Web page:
What can folk music help us hear?
Giddens: a singer, banjo player, fiddler, and MacArthur Fellow committed to recovering and reimagining long-buried historical truths via folk music. Turrisi: a deft Italian multi-instrumentalist — truly exceptional at jazz piano, accordion, and very likely over 100 percussion instruments — as well as an excellent educator and researcher. Sypher: a gifted bassist at home in a wide range of musical styles, as well as Giddens’s longtime touring collaborator.
This group performed material from there is no Other (2019), an acclaimed, collaborative album that Giddens and Turrisi released last May. A display of sheer intelligence, generative research questions, and a commitment to social justice, the concert capped off a two-day whirlwind of Stanford events, including a prestigious Kieve Lecture through the Center for Comparative Studies in Race and Ethnicity the previous evening. By all measures, it was astounding: Each instrument on stage indexed journeys across the Atlantic; each anecdote relayed different, difficult histories of trauma and erasure; each traditional tune and original song placed these histories in close proximity, implying and layering connections through the signature subtleties of Giddens and Turrisi’s musical designs.
At the Beginning
The trio opened with a moving medley of “Ten Thousand Voices,” a haunting, modal original featuring Giddens on vocals and Turrisi on banjo; “Inside Me Is Heaven,” an affirming, emotive piece with Giddens on fiddle and Francesco on accordion; and a loping instrumental finale that seemed to tell, in its own way, a story of uncertainty and persistence.
These songs, like all the trio’s others, were born of Giddens and Turrisi’s historical studies. With “Ten Thousand Voices,” for example, Giddens and Turrisi mentioned they were inspired by music scholar Ned Sublette’s study, Cuba and Its Music — by its attention to the history of the slave trade in the Caribbean, as well as its invocation of a 9th-century treatise by author Amr Ibn Bahr Gāhiz. (The anecdote: in that treatise, quoted by Sublette, Gāhiz writes about an “Abyssinian” Qiyān, or an enslaved black woman known for virtuosic singing, who had “a repertoire of upwards of 4,000 songs, each of them two-to-four verses long ... the total amount of poetry contained ... comes to 10,000 verses.”)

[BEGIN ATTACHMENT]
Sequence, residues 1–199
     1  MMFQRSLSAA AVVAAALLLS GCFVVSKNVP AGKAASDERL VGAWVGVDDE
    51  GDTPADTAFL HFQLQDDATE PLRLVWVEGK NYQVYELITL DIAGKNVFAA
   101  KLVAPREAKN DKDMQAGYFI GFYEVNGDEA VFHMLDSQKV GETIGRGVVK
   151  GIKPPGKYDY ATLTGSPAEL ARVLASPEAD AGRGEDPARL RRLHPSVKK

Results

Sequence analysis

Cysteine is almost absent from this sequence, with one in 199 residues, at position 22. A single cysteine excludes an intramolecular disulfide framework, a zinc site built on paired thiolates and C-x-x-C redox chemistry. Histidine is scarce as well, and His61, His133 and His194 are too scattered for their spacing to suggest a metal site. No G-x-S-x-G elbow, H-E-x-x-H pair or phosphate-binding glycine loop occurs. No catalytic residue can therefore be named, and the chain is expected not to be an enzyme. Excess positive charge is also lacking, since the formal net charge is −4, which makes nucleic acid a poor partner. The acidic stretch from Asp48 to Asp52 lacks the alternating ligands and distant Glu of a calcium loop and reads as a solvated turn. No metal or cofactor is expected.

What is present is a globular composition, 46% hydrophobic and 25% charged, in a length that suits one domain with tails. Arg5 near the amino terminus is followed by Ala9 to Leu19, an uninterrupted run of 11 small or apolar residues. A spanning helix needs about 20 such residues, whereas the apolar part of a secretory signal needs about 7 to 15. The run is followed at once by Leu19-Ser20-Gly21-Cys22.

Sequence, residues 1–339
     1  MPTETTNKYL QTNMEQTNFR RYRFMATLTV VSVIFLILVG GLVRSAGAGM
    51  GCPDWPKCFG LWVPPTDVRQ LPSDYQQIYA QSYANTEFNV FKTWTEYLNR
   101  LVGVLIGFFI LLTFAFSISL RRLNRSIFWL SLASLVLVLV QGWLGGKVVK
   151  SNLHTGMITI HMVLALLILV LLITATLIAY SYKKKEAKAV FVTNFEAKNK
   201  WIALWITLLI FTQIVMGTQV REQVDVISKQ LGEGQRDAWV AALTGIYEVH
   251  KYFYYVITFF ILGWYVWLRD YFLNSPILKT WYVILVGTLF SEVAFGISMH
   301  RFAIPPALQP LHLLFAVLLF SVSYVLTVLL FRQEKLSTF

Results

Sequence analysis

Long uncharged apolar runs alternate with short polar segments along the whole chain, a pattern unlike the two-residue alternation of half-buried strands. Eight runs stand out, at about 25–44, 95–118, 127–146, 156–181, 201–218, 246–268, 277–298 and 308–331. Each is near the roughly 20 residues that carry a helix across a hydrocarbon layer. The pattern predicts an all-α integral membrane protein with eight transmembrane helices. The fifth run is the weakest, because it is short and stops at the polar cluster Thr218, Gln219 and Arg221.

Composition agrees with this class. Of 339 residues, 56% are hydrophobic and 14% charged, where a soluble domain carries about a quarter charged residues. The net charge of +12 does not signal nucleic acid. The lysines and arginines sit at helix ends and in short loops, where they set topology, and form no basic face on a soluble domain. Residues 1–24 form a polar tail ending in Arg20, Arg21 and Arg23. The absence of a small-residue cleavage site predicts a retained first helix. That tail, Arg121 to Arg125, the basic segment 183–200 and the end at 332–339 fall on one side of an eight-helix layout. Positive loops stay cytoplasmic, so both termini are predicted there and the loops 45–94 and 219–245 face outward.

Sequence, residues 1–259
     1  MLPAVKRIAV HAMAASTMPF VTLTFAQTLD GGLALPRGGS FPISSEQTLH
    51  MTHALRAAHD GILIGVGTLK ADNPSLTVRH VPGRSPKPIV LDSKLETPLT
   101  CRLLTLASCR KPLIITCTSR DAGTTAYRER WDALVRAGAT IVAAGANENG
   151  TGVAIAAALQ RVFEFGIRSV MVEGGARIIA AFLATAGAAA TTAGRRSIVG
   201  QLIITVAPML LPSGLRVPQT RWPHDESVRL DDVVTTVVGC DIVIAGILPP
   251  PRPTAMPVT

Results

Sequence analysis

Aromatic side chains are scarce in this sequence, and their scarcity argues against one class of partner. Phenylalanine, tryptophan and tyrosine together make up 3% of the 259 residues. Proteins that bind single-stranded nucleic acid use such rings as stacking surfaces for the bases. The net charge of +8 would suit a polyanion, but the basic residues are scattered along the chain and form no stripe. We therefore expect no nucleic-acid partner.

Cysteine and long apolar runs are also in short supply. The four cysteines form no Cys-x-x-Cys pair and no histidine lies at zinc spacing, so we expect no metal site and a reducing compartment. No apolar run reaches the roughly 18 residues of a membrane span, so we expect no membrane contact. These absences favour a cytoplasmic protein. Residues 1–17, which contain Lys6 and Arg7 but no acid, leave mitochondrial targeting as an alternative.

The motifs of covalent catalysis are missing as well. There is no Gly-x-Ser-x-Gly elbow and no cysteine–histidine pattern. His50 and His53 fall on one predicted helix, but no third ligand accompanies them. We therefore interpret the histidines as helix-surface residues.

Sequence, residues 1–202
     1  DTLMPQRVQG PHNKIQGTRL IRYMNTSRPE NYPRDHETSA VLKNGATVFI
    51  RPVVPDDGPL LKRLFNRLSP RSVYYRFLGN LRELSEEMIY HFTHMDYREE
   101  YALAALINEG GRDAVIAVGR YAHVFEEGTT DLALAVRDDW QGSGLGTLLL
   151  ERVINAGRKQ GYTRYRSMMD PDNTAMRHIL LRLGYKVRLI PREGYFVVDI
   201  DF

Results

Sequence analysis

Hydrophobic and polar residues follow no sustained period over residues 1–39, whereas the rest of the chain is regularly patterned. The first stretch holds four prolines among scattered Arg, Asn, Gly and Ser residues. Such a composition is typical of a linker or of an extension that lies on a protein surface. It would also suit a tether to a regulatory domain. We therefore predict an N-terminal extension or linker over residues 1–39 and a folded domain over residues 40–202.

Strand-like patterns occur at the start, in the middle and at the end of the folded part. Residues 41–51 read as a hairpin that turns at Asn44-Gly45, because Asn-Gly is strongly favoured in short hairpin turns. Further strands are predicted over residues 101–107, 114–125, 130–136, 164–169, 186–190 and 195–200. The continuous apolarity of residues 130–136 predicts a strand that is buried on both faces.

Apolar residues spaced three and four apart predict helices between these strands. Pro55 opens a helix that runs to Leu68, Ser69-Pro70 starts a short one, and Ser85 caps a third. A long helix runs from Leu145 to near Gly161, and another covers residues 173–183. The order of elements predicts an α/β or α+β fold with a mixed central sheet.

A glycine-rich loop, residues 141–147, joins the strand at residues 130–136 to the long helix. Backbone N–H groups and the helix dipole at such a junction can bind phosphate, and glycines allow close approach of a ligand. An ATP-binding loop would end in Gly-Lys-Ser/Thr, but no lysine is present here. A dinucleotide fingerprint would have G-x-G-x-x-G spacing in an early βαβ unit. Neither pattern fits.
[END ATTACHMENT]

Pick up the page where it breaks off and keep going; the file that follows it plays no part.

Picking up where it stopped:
It was stories like these that built the scaffolding for the evening. Every song, instrument, and timbre was given its due space, explanation, contextualization. The effect: Every sound became an invitation to consider what music makes it possible to say.
If I had to choose highlights from the concert’s first set — an impossible task, given the rare shape of the evening — I’d likely be tempted to go with Giddens’s stunning delivery of “At The Purchaser’s Option,” a heavy song inspired by the chilling story of a black, enslaved mother up for sale and her 9-month-old child available “at the purchaser’s option.” I’d also be tempted to go with “Gonna Write Me a Letter,” a steadfast, North Carolina classic by songwriter and banjo player Ola Belle Reed. Or maybe “Briggs Forró,” a blistering tune featuring densely harmonized rhythmic passages that displayed Turrisi and Giddens’s sheer facility and accuracy. Or maybe “Pizzica di San Vito,” a whirling Italian folk song that Turrisi connected to a broader history of trance rituals.
I’d be tempted, too, to focus on moments of subtle, onstage communication among the trio: when, for instance, Giddens, Turrisi, and Sypher would face one another and form a power triangle, distancing the craning crowd in a most loving way. Or when, during the end of the opening medley, Sypher, whose bass playing was adding new (and literal) depth to there is no Other’s arrangements, nodded at Turrisi and Giddens, and the entire group brightened the tempo slightly, and their collective magic made a crowded hall inhale.
But what I’d probably end up choosing — again, impossibly so — would be Giddens and Turrisi’s knowing glances amid their stories on minstrelsy as the first American cultural export, on histories of trans-Atlantic anti-Sicilianism, and on the invention and continual reconstitutions of whiteness. Their subtle signals reiterated the night’s main point: this road is long and hard, and it’s only in each other that we find the strength to walk it.
During intermission, scribbling frantically in my notebook, I couldn’t help but reflect on two other Stanford events Giddens and Turrisi participated in during the 24 hours leading up to this concert: a lunch conversation at the Harmony House, the hub of Stanford’s Institute for Diversity in the Arts, and a two-hour Kieve Lecture, delivered on Thursday night at the Bechdel Conference Center. Specifically: I couldn’t help but reflect on Giddens and Turrisi’s braided approach to music making, historical research, and social justice — on what they’ve been working to help the world hear.